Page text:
Polberro Mine was one of the richest and the deepest in the St Agnes area. It was well known for producing a very high grade of ore called Diamond Tin. This was so pure that it required little or no processing so it could be sent directly from the mine to the smelters.
The images on this page were taken during the mid 1990’s, the area is now on private land.
Like many other Cornish Mines Polberro was an amalgamation of several smaller mines which had worked as individual concerns. Such as Wheal’s: Kine, Pell, Turnavore, Prosper, Park and Squidler.
The mine was operational as far back as the 1730’s. The boom time of production was from the mid 1830’s when production peaked at around 30 tons of Tin a month, at this time there were around 450 persons employed. During 1846 the mine was visited by Queen Victoria, from then it was known as Royal Polberro Consols.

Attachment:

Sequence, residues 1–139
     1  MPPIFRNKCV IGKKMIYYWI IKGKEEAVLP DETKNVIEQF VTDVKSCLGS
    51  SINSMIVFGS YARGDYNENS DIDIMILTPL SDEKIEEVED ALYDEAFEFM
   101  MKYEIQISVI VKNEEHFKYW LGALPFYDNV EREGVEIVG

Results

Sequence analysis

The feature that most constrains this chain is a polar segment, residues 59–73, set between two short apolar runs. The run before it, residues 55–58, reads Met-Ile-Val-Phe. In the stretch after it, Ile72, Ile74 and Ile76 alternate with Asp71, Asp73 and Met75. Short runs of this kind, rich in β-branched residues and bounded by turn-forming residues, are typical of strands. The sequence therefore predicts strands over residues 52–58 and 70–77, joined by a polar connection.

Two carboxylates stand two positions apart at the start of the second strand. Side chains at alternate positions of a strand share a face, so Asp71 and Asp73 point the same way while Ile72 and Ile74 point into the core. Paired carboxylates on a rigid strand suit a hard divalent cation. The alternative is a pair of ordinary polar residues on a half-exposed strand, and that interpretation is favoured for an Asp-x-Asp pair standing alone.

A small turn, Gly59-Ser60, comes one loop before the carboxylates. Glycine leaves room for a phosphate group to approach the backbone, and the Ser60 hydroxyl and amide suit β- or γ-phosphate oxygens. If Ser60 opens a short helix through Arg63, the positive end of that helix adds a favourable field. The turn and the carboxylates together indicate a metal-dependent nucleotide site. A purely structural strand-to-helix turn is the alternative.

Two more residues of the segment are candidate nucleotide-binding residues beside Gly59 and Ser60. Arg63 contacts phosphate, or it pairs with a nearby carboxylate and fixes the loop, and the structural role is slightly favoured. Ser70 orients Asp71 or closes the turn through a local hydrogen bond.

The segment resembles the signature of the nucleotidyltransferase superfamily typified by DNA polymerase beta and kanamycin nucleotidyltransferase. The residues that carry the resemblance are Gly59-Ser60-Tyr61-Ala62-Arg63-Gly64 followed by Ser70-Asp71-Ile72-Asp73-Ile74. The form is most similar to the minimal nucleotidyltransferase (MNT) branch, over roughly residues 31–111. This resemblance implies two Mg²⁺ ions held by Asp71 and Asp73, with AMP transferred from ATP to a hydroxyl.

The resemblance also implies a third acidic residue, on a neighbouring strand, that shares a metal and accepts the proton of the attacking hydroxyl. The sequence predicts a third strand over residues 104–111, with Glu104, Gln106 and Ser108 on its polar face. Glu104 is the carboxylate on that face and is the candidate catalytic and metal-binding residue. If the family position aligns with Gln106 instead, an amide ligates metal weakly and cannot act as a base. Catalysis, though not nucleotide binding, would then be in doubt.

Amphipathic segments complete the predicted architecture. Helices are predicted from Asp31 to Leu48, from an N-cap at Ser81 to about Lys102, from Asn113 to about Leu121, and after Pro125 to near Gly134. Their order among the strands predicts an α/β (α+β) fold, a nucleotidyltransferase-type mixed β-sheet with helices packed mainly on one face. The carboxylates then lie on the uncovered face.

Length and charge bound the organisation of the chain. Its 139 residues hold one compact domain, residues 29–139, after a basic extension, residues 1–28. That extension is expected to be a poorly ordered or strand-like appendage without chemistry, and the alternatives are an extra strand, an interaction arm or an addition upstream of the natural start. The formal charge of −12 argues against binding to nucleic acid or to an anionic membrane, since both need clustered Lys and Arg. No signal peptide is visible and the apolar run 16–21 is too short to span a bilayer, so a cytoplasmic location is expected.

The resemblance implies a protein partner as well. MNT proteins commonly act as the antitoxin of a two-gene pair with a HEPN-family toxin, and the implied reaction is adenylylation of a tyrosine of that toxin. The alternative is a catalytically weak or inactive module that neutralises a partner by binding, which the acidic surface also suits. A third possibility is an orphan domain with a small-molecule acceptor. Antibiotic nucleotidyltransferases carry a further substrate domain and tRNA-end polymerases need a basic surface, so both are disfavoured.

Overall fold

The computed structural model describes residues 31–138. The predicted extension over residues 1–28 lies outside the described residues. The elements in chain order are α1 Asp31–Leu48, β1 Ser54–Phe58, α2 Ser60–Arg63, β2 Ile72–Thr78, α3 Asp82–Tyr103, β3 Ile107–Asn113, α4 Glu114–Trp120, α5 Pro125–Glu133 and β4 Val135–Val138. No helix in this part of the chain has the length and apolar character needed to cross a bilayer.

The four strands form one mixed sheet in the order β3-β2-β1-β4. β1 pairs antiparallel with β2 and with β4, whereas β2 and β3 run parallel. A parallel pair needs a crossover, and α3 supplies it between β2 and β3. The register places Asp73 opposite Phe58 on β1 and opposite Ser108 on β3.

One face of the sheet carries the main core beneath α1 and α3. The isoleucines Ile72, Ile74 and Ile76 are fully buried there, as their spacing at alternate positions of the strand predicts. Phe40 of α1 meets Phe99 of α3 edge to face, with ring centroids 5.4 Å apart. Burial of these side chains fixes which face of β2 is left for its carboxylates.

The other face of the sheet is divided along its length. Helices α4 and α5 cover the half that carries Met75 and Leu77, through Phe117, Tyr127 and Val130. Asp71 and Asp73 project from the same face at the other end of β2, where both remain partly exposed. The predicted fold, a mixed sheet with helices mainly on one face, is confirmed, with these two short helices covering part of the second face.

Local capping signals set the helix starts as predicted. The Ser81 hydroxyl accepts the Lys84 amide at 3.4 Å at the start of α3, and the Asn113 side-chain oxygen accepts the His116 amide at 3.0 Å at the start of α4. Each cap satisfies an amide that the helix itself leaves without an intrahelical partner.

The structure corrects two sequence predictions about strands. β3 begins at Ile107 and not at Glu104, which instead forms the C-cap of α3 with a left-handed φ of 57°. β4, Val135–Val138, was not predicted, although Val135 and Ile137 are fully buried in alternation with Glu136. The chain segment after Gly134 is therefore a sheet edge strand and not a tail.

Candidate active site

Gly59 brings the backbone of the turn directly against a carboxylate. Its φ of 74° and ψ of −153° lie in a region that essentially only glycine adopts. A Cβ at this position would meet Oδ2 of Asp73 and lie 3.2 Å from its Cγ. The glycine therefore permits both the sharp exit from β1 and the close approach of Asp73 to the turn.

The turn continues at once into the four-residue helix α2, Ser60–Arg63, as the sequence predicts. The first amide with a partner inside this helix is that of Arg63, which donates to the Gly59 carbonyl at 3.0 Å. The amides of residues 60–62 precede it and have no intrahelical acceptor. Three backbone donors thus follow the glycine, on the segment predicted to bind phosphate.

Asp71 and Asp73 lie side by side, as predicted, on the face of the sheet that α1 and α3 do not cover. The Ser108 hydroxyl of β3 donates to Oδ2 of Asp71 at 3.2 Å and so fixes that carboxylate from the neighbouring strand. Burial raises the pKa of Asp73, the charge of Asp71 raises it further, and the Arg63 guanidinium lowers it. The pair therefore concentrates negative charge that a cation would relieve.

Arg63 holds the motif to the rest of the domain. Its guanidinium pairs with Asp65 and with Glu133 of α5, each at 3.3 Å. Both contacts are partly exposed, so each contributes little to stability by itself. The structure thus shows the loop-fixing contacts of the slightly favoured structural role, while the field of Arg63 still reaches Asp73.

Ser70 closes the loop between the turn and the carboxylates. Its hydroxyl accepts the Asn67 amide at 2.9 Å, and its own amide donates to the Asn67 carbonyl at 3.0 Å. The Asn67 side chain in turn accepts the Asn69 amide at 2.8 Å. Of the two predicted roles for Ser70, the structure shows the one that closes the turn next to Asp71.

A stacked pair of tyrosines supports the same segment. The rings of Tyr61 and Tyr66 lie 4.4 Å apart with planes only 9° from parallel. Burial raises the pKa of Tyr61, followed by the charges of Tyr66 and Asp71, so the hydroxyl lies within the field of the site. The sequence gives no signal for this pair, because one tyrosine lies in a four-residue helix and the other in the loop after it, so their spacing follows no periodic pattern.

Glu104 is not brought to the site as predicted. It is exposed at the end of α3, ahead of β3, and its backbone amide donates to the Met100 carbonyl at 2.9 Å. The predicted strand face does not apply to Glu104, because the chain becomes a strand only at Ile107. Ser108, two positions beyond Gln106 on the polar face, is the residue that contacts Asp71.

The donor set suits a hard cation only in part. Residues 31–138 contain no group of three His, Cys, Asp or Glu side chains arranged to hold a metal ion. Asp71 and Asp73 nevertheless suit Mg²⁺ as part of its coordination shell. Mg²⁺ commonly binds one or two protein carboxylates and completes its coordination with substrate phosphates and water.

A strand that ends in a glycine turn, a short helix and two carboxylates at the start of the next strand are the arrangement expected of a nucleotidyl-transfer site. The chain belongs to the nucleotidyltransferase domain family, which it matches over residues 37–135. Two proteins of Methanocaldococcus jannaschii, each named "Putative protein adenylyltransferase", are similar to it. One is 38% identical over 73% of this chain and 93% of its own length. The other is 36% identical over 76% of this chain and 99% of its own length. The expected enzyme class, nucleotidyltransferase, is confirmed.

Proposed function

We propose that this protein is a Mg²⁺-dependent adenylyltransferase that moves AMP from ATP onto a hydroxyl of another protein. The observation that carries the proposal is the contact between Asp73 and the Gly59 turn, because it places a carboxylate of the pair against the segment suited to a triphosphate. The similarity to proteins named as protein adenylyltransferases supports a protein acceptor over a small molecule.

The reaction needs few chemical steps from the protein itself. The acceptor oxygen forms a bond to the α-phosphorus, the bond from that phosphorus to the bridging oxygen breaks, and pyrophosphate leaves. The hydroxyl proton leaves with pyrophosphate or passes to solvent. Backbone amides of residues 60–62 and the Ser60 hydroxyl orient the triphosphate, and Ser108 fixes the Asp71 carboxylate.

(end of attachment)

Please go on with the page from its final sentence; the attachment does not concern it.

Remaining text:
The price of Tin dropped during the 1870’s causing the closure of many mines in the area including Polberro. A re-working in 1886 dates the surviving engine house on Turnavore shaft which housed a 60″ pumping engine. The mine again closed in 1895 after a merger with Trevaunance Mine.
During 1937 a final re-working was attempted, new extensive dressing floors were installed and the engine house was converted for use as the miners dry. The shaft here was deepened reaching a final depth of 182 fathoms making it the deepest mine in St Agnes. The mine closed for the last time in 1941, ending all mining activity in the St Agnes area.
The engine house is in good condition still retaining its roof. The bob wall has been bricked in, also the windows are gothic in character some still with the frames in place.
As I have already stated this property is on Private Land and should not be entered.